Flyers Fighting Fires

  • Published
  • By Staff Sgt. Tambri Cason
  • 307th Bomb Wing

It started with a home project gone wrong. U.S. Air Force Maj. Tyler Wilson attempted some electrical work in his outdoor shed that ended with flames and emergency responders in his backyard. After the fire was extinguished and the energy settled, Wilson walked over to the fire chief and asked if there was a fine or repercussion for having to call the fire department out. The fire chief replied, “Nope, but now you have to volunteer with us.”

Five years and almost 100 fire responses later, Wilson continues to volunteer at the Elm Creek Community Association Volunteer Fire Department (ECCA VFD). He also works full-time as the director of scheduling, chief of safety and B-1 Lancer pilot assigned to the 345th Bomb Squadron, Dyess Air Force Base.

He was driving home May 17 after an 8-hour shift, when he received an emergency dispatch notification from his volunteer firefighter app.

It was his address.

Wilson quickly clicked 'I’m available' and was the second volunteer firefighter to arrive on the scene.

“The fire actually started at my front gate and burned across my property," said Wilson. “It was about three miles from the fire station.”

Wilson found himself battling the Mesquite Heat Fire, a wildfire that burned 10,960 acres over a total of twelve days, according to the Incident Information System website.

He fought the flames for 18 hours that first night, rested for about four hours, and worked another 18 hours shift. He did that for eight days, he said.

On day two, the wind speed increased to nearly 40 mph with 105 degrees of heat and about 4% humidity. That was the worst day there, said Wilson.

He was assigned as the truck commander for the emergency response vehicle, Brush 3, leading three other volunteer firefighters. The group included a spotter and two men working fire hoses on each side of the truck.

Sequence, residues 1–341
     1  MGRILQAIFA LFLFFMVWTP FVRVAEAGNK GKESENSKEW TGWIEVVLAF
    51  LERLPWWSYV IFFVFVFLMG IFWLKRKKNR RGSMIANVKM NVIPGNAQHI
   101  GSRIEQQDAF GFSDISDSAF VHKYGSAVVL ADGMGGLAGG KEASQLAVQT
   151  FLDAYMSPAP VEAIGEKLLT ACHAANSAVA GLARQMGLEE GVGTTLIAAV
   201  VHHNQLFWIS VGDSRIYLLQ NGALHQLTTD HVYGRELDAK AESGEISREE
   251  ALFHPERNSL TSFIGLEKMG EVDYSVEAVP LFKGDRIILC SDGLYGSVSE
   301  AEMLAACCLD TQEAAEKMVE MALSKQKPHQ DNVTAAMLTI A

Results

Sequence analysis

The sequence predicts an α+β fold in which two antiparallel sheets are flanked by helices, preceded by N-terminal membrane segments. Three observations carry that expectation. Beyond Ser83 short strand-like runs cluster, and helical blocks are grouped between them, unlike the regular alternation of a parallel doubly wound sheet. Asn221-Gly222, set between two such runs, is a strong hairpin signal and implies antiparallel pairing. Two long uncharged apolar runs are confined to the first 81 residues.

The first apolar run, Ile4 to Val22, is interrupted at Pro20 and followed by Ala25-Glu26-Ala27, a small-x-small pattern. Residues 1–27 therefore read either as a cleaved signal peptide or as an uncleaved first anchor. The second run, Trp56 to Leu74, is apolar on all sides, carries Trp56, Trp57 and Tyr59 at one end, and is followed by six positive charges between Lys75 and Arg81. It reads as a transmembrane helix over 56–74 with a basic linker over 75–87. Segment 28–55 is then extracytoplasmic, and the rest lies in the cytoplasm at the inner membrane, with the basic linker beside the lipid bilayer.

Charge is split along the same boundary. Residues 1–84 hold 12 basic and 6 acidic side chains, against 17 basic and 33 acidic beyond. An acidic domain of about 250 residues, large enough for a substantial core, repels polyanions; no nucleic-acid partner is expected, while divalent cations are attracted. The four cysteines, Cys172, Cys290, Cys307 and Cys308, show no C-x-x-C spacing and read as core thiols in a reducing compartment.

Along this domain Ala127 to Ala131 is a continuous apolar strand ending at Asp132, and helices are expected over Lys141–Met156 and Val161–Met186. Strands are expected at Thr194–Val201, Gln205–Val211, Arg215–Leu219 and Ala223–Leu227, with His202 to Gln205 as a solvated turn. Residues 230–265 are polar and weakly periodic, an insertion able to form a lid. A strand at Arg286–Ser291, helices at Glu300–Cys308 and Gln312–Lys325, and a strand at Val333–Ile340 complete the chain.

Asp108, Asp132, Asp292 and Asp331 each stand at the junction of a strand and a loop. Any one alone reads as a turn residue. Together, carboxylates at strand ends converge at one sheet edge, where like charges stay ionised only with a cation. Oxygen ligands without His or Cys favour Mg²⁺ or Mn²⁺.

Wilson was driving Brush 3 back to a drop site when he received an urgent call that another emergency responder had become trapped in active fire, he said.

Wilson’s team immediately responded to the call.

They drove across scorched terrain and found the emergency vehicle on fire. Wilson instructed the two volunteers with hoses to hit his truck with water. Fortunately, the vehicle was still operational, said Wilson.

However, by the time they completed this task, the wind shifted from the south to the west and so did the smoke and flames.

“We were now in zero visibility,” said Wilson. “I was in an open cab truck, so there wasn’t a roof or windows. We were fully engulfed in fire with about 100 foot flames all around us.”

While driving through half a mile of flames and smoke, Wilson kept his composure, directed the other emergency responder’s vehicle out of danger, and advised his team to protect themselves.

“I had to push a path with the bumper through the fire and we got out of the active flames,” said Wilson. “The truck engine was on fire, the cabin filters were on fire, so the truck started stalling, the little canvas seats in the truck were on fire and then eight of my ten tires were on fire when we got out.”

Wilson emerged with minor second degree burns on his upper-back and face, after safely directing the the other emergency vehicle and transporting his own crew.

“I remember the embers raining down on me. I had protective gear on, but I think the stuff entered through my collar and landed on my back,” said Wilson. “If we hadn’t gotten to them, they could have burned up in the fire.”

Despite his injury, Wilson continued to fight the flames for another six days.

Wilson was joined by three fellow B-1 pilots who work with him at the 345th Bomb Squadron, Maj. Andrew Teague, Maj. Charles Kilchrist and Capt. Joseph Heyser.

“I didn’t want to just sit around when I knew I had a chance to help and watch this thing threaten our homes and community,” Said Heyser.

Despite skill level or experience, they each volunteered when the opportunity to join the fight presented itself.

 “A lot of it parallels with our day-to-day mission here at the 345th Bomb Squadron,” said Heyser. “You may not know 100% of the specifics of the mission, but you pick it up as you go and trust the people on your crew to problem solve and work through the situation.”

Leaders in the community also recognized their dedication to service.

Texas Gov. Greg Abbott visited the ECCA VFD and personally thanked these Airmen for their efforts in saving life and property, said Wilson.

U.S. Rep. Jodey Arrington presented Wilson with a congressional coin for his heroism on day two of the Mesquite Heat Fire.

“There’s a real strong sense of community out here, what affects one of us affects all of us,” said Wilson. “It definitely renewed my dedication to service.”